Target, U.S. Bank Are Top 2014 Stock Picks For Major Investors
Target Corporation and U.S. Bancorp are among 20 international companies that seasoned investors picked for top stock ideas in 2014.
The “20 Top Picks from 20 Star Investors” list, compiled by Fortune magazine, includes numerous companies that vary in size and industry.
Senior Portfolio Manager Meggan Walsh, who runs Atlanta-based Invesco, Ltd.’s $8.5 billion diversified dividend fund, expects Target’s same-store sales to improve next year, despite its underperforming introduction into Canada’s market. Walsh told Fortune that the higher average income and discretionary spending tendencies of Target customers will help the Minneapolis-based retailer push its price-earnings ratio from 14 closer to its average of 15.5.
Walsh said that Target will likely reduce its capital expenditures by $1 billion next year and pass the extra money to shareholders.
“The problems have been identified, and we’re at the point where shareholders will begin to benefit from the investments,” she told Fortune.
For the most recent quarter, which ended November 2, Target reported sales of $17.3 billion—an increase of 4 percent from the same quarter last year. The retailer’s net earnings totaled $341 million—an 86.8 percent decrease from the same quarter last year. The company’s adjusted earnings per share were $0.84.
Target’s stock began trading at $63.31 on Thursday—a 2.1 percent increase from the same period last year.
Target is Minnesota’s second-largest public company based on revenue. The retailer reported $73.3 billion for the fiscal year that ended February 2.
Mark Henneman, executive vice president of St. Paul-based Mairs and Power, Inc., who runs the firm’s $3.5 billion growth fund, said size makes U.S. Bancorp a favorable choice for investors. With approximately $354 billion in assets, Henneman said that the bank is large enough “to benefit from efficiencies of scale” while being small enough to avoid “capital requirements imposed on the biggest institutions.”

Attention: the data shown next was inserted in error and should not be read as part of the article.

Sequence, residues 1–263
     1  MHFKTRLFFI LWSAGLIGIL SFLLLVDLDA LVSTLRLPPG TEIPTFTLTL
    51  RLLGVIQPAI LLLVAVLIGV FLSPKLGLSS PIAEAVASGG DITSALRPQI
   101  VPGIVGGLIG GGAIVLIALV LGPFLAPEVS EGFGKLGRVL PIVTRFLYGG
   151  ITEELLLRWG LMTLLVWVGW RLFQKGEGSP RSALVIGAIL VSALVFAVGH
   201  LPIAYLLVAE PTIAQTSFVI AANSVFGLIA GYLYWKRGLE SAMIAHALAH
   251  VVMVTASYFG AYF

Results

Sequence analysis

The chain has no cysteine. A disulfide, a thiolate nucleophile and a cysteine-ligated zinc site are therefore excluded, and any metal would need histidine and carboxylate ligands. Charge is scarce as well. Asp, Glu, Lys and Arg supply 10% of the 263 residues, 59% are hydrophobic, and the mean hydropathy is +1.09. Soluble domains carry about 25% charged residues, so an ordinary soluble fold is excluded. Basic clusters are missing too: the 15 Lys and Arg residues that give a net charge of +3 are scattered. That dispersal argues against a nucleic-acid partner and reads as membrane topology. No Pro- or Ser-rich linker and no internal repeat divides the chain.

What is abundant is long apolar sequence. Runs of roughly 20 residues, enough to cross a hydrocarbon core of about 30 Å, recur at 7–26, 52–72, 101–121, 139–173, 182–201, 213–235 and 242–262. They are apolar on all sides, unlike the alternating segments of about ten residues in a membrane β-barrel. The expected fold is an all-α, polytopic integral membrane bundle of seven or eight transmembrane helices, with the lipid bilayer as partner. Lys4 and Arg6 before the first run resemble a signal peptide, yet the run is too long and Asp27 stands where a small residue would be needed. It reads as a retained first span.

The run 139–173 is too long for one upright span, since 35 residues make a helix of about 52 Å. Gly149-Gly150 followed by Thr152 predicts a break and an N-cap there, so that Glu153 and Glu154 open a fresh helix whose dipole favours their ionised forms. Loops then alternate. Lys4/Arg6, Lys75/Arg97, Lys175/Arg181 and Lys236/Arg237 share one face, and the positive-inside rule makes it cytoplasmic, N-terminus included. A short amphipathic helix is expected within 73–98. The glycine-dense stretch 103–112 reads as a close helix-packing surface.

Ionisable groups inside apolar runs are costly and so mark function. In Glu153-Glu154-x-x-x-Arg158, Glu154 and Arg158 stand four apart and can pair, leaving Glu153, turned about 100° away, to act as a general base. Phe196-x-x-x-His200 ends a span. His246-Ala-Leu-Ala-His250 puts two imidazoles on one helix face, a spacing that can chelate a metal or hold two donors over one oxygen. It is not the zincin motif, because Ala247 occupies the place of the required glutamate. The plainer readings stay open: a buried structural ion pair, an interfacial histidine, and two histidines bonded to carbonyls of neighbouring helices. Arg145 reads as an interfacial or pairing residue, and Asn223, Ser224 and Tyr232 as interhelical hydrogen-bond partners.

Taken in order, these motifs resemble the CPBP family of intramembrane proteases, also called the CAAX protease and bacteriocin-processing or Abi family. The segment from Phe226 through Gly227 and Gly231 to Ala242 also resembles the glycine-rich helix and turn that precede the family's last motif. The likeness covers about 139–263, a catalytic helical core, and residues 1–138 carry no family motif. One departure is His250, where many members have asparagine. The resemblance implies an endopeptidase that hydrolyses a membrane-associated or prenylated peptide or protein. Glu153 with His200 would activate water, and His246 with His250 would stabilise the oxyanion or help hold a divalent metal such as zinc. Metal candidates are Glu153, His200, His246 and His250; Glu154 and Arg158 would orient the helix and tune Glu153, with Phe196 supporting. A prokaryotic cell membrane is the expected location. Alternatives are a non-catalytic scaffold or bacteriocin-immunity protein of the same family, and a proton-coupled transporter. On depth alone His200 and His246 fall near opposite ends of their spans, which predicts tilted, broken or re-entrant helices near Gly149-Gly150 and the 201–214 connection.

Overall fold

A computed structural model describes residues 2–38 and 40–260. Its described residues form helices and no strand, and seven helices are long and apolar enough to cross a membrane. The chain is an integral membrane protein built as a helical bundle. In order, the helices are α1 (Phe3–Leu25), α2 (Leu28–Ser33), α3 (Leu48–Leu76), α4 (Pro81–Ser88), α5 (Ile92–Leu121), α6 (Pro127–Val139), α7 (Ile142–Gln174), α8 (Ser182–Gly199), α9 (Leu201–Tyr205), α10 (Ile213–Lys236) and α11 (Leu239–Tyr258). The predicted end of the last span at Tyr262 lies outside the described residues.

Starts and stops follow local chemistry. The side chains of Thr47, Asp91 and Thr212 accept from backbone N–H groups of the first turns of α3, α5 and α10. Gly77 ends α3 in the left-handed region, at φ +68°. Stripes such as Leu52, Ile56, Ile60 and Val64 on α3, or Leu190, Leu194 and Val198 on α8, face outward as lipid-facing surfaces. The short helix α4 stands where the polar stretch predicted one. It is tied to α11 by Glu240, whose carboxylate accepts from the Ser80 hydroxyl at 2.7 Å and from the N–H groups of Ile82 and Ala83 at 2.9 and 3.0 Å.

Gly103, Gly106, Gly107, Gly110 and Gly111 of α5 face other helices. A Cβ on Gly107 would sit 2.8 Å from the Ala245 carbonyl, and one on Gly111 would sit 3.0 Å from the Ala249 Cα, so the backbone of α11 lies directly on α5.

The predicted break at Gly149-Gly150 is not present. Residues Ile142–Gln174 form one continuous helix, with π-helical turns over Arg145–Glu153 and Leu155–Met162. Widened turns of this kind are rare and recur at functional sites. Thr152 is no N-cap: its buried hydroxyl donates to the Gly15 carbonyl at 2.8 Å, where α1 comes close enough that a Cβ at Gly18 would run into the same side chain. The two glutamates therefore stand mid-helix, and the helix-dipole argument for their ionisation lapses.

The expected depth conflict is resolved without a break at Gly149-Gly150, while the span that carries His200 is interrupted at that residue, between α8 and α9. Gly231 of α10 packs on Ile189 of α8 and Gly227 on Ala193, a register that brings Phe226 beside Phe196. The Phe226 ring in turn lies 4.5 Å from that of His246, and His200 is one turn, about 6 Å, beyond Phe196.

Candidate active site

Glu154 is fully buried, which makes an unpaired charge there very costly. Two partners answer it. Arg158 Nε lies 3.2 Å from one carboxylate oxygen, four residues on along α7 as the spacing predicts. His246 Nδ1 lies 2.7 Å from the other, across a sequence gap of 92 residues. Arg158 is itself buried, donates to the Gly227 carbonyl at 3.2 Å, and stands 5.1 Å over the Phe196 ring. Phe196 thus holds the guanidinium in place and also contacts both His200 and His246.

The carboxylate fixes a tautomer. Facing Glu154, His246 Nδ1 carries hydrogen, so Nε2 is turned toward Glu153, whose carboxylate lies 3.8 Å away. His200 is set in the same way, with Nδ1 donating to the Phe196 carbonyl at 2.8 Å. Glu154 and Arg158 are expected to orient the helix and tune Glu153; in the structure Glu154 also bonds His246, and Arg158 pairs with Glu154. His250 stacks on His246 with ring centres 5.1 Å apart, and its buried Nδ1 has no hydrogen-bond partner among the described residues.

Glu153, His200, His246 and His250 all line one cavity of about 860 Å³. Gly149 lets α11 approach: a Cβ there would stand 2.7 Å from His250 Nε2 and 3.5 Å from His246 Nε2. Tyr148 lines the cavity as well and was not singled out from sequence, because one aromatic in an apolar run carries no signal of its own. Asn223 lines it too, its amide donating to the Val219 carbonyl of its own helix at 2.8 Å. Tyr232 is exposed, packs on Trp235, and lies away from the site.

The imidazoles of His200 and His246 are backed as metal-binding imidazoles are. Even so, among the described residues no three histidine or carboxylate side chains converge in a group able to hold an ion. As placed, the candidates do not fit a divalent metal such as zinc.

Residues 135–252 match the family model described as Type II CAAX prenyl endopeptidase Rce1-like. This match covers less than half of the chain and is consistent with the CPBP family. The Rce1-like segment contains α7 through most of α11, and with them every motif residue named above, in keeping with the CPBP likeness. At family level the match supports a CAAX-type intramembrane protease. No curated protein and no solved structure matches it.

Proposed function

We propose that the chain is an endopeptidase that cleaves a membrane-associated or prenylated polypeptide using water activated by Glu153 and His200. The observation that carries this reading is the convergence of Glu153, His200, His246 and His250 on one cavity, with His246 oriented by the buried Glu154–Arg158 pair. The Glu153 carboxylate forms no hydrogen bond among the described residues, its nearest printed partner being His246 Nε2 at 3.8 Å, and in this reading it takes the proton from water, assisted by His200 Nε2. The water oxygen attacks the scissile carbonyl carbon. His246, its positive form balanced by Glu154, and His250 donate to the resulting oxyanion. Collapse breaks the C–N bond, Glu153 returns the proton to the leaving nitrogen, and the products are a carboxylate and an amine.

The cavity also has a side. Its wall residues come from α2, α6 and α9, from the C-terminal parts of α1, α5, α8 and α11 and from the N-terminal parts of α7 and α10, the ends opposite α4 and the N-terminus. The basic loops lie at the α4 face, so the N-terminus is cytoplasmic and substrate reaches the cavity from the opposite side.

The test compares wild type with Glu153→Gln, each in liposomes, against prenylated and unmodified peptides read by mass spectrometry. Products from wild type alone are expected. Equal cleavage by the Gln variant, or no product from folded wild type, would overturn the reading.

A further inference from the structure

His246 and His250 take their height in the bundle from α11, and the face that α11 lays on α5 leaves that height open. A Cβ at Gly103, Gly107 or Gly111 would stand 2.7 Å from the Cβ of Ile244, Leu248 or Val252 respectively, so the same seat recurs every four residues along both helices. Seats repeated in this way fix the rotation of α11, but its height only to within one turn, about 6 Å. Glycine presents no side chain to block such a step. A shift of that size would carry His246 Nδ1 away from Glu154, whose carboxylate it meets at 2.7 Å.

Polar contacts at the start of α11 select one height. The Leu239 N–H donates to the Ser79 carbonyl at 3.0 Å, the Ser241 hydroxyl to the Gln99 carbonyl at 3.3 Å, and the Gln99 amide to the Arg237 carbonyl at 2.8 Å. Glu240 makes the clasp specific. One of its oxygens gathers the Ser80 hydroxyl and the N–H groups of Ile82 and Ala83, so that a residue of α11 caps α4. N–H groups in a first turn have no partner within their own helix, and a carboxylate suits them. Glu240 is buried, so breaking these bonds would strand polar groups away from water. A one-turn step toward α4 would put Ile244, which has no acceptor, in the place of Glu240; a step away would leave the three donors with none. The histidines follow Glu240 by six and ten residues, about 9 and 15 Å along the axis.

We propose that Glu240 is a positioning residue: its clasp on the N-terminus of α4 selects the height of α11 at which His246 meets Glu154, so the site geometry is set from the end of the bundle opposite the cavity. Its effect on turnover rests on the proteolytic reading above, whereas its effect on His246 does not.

Henneman told Fortune that U.S. Bancorp’s refusal to pursue fixes such as mortgage-backed securities made it “the best-performing large bank in America” through the crisis.
While Henneman admitted to Fortune that a price-earnings ratio of 12 makes for more expensive stock, he said that the bank’s conservative approach toward underperforming loans means its earnings are understated. He expects U.S. Bancorp’s current performance to justify an 18 percent stock increase.
For the most recent quarter, which ended September 30, U.S. Bancorp reported net interest income of $2.7 billion—a 2.5 percent decrease from the same quarter last year. The bank’s earnings per share were $0.76.
U.S. Bancorp’s stock began trading at $39.00 on Thursday—a 24.1 percent increase from the same period last year.
U.S. Bancorp is among Minnesota’s 10-largest public companies based on revenue. The bank reported $20.3 billion in 2012 revenue.
Other companies on Fortune’s list include Purchase, New York-based PepsiCo, Inc., Bellevue, Washington-based travel company Expedia, Inc., Chicago-based commercial real estate giant Jones Lang LaSalle, German automobile manufacturer Volkswagen, and Swiss financial services company Credit Suisse, among others.
Click here to view Fortune’s full “20 Top Picks from 20 Star Investors” list.